Photo: Garrett Ellwood/NBAE via Getty Images
Remember when LeBron James was a reliable Fox News bogeyman? There’s a good chance you don’t; the concentric circle of readers who enjoy self-serious New York sports columns and Laura Ingraham viewers is probably small. But a few years ago, he briefly filled the always shifting role of liberal villain on Rupert Murdoch’s network.
Ted Cruz accused him of endangering cops. Enes Kanter Freedom labeled him an America hater. Tucker Carlson said he hates free speech and was “putting China first.” Clay Travis said he should “apologize to every police officer in America” (which seems potentially time-consuming). Most famously, Ingraham advised James to “shut up and dribble,” a phrase James repurposed as the title for a Showtime television series centered on his political activism.
But you don’t hear much about James on Fox News these days. The only time he has merited much commentary over the past few months came when the network aired a clip from his other show, HBO’s Uninterrupted, in which he said WNBA star Brittney Griner, still jailed in Russia, might feel as if America did not “have her back. The backlash to that out-of-context remark led him to clarify that he wasn’t “knocking our beautiful country.”
James hasn’t said a word about politics since then. In 2020, he and his voter advocacy group, More Than a Vote, were (somewhat exaggeratedly) credited with helping swing the presidential race Joe Biden’s way. Now we’re less than two weeks away from the midterms with a surprisingly competitive Senate race taking place in James’s home state of Ohio, where he led rallies for Hillary Clinton two days before the 2016 election. Not only has James stayed out of the race entirely, he didn’t even respond when the Republican candidate, J.D. Vance, called him “vile.” (Tim Ryan, the Democratic candidate, has been heaping praise on James to try to draw him in.) Perhaps More Than a Vote’s biggest success two years ago was voter mobilization in the state of Georgia, particularly during the runoffs that stretched into 2021; now, in the heat of another high-stakes Senate and governor race there, LeBron & Co. are nowhere to be seen.
This inactivity may not be a one-off. More Than a Vote, an organization I profiled for this magazine in March 2021, appears to have vanished from the internet entirely; it hasn’t even tweeted since January. (I’ve been told the organization is currently “dormant.”) The Shop: Uninterrupted is still on, but James was in only the first episode (the rest were hosted solo by his longtime business partner Maverick Carter), and the most recent episode featured David Beckham and James Corden — so, no, it’s not getting too political.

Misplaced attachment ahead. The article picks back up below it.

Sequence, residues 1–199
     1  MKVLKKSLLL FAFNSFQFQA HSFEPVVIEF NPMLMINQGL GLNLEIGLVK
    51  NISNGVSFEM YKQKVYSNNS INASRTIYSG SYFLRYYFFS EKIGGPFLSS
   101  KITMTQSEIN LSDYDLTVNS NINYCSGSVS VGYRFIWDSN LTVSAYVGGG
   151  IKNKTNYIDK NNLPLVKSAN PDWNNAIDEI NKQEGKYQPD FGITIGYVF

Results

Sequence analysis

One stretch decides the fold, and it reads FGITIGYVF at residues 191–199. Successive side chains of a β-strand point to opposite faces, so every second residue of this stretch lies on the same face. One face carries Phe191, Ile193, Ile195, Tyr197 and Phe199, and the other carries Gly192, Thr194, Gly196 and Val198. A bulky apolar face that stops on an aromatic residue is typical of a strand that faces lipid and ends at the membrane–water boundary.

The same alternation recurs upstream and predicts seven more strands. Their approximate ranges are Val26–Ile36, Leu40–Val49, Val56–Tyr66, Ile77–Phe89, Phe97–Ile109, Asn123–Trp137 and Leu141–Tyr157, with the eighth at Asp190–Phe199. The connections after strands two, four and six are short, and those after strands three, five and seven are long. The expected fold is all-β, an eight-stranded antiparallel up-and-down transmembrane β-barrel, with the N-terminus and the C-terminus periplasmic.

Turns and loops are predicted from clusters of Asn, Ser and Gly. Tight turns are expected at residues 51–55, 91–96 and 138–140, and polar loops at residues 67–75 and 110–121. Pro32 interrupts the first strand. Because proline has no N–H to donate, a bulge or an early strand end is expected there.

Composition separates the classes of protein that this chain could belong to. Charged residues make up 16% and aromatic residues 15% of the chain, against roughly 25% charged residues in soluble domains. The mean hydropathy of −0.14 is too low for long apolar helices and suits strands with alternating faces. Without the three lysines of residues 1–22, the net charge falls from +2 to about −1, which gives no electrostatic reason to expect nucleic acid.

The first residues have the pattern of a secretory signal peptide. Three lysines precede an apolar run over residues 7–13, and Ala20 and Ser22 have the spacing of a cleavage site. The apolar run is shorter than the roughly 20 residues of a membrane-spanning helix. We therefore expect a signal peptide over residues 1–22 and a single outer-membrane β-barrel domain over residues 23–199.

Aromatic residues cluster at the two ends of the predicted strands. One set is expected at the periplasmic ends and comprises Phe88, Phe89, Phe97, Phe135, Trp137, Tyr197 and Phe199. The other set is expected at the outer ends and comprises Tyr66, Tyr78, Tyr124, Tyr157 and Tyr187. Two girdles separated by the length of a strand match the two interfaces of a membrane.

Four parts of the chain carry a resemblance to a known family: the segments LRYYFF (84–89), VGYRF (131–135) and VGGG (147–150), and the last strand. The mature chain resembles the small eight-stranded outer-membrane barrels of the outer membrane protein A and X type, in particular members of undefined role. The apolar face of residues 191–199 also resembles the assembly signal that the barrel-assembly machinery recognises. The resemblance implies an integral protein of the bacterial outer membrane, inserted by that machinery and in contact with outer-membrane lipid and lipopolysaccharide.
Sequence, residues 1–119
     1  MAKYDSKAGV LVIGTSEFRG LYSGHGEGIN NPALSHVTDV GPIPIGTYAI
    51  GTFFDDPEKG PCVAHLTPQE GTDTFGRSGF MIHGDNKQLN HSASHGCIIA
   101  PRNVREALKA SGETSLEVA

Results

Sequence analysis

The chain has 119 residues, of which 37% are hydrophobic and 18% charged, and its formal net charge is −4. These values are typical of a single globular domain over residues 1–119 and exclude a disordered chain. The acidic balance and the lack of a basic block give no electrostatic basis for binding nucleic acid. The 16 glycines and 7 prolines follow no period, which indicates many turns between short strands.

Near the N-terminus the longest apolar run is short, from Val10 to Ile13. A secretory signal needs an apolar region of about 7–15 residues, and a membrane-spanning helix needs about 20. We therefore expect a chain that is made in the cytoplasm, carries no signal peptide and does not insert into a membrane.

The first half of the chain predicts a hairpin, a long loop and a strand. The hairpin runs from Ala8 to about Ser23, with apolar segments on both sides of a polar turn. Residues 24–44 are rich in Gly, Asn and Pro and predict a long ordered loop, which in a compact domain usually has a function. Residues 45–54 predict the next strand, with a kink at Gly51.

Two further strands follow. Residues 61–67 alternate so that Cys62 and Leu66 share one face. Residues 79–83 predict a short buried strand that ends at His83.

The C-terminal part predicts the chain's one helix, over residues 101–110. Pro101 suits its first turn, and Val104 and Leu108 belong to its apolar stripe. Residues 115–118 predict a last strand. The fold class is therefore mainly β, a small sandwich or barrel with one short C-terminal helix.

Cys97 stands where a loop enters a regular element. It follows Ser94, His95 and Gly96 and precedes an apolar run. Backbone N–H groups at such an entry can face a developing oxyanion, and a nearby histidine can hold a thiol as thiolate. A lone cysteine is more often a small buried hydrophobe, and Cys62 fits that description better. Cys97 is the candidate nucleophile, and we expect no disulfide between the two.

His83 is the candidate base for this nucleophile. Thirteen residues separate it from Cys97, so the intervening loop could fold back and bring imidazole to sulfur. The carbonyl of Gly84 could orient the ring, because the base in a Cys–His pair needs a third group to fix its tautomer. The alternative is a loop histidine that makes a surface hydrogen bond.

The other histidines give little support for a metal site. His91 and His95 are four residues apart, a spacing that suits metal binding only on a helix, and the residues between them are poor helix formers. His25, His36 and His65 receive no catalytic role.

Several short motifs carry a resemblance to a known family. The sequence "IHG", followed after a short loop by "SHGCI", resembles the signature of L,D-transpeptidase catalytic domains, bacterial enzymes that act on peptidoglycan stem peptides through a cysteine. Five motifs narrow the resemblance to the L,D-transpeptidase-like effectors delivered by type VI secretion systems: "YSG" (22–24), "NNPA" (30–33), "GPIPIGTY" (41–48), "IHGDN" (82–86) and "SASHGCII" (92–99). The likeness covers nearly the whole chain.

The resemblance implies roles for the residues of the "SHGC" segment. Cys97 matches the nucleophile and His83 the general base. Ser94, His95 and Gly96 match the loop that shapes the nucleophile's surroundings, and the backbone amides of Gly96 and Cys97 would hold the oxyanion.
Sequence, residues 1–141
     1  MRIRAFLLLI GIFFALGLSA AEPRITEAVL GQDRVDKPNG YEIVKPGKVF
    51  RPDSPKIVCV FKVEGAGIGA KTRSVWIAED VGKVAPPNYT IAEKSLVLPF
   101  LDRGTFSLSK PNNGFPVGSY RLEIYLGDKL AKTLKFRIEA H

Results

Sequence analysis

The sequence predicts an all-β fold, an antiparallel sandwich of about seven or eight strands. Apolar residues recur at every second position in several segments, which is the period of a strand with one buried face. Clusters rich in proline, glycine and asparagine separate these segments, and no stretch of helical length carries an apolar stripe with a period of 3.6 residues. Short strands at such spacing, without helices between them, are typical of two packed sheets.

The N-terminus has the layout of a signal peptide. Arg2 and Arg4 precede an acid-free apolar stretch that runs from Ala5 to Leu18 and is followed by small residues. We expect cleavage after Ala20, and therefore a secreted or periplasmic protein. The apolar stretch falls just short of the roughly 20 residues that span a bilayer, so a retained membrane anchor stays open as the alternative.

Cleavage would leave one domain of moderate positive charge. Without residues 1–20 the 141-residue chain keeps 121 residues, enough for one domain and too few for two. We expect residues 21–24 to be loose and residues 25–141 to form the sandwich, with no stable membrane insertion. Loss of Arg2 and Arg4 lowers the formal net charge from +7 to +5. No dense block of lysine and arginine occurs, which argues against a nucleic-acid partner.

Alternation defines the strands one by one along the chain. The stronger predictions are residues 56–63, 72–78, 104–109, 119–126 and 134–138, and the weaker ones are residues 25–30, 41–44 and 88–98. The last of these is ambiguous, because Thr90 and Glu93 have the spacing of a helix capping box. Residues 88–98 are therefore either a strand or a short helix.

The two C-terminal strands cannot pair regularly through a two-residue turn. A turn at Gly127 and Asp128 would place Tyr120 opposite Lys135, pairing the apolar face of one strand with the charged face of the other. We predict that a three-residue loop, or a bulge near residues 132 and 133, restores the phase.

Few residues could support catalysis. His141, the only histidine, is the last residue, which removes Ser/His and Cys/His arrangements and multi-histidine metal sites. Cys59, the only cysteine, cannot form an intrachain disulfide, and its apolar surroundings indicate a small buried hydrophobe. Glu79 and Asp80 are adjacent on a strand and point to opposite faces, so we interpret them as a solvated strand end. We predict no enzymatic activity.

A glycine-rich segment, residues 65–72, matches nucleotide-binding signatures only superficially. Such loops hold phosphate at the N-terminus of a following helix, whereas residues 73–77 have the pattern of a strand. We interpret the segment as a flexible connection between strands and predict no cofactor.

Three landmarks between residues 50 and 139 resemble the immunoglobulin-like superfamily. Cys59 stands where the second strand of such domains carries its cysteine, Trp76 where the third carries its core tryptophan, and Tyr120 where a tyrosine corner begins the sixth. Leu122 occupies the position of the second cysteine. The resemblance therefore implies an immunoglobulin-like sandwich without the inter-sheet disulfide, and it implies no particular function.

To pivot to actual sports for a moment, James is busy with problems of his own on the basketball court. It’s very early in the NBA season, but his Los Angeles Lakers have started 0-3 and are struggling with the same issues as last year: a thin roster, on-court disorganization, and, mostly, fallout from the disastrous decision to trade for faded superstar Russell Westbrook, who isn’t just old now but a terrible fit with the way James and Anthony Davis play. When you have players of James’s and Davis’s caliber — two Hall of Famers — you should be expected to compete for a championship every year. But since winning the title in the pandemic-era bubble two years ago, the Lakers lost in the first round in 2021 and didn’t make the playoffs at all (even missing the play-in game!) last year. Although James did play a major role in trading for Westbrook, these problems are hardly his fault as a player: He remains one of the five to ten best players in the sport, truly remarkable for a guy who is about to turn 38 in December. And there’s a tragic aspect here: He is doing something no player has ever done, and that feat is entirely wasted with this lousy team — a lousy team that’s the Lakers, for crying out loud, the franchise that’s supposed to be the crown jewel of the league.
So you can understand why that team would merit his full attention. But he’s hardly alone among athletes taking their foot off the gas for the midterms, at least compared to 2020. For instance, much was made of the NBA Social Justice Coalition, founded within the league by athletes including Donovan Mitchell and Karl-Anthony Towns after the 2020 protests. And while the organization has been dutifully tweeting about early voting and Griner, I haven’t heard a single player or coach mention these topics. The overall lack of engagement is palpable for reasons both big and small. For one thing, athletes are really busy — trust me, keeping their jobs is harder than keeping yours. And the fervor of 2020 has faded a bit for them, as it has for many of us. But you can also understand why James would want to take a step back, from a personal-sanity standpoint. It’s hard enough to figure out how to beat the Warriors without Carlson roasting you every single night. And surely athletes saw how much shit James was taking and concluded, totally understandably, No, thanks.
So, yeah: It’s hard to blame a guy with as many plates spinning as James for withdrawing from the political sphere, at least for now. But it’s not as if this moment is much less fraught than it was in 2020 or that James’s presence in public life is any less needed. The level of political urgency that took over sports in 2020 was probably unsustainable, particularly with Donald Trump out of office (for now!). But it would be a shame if all that momentum vanished so quickly, wouldn’t it? And besides: Getting yelled at by Carlson every night seems more pleasant than playing for the Lakers right now.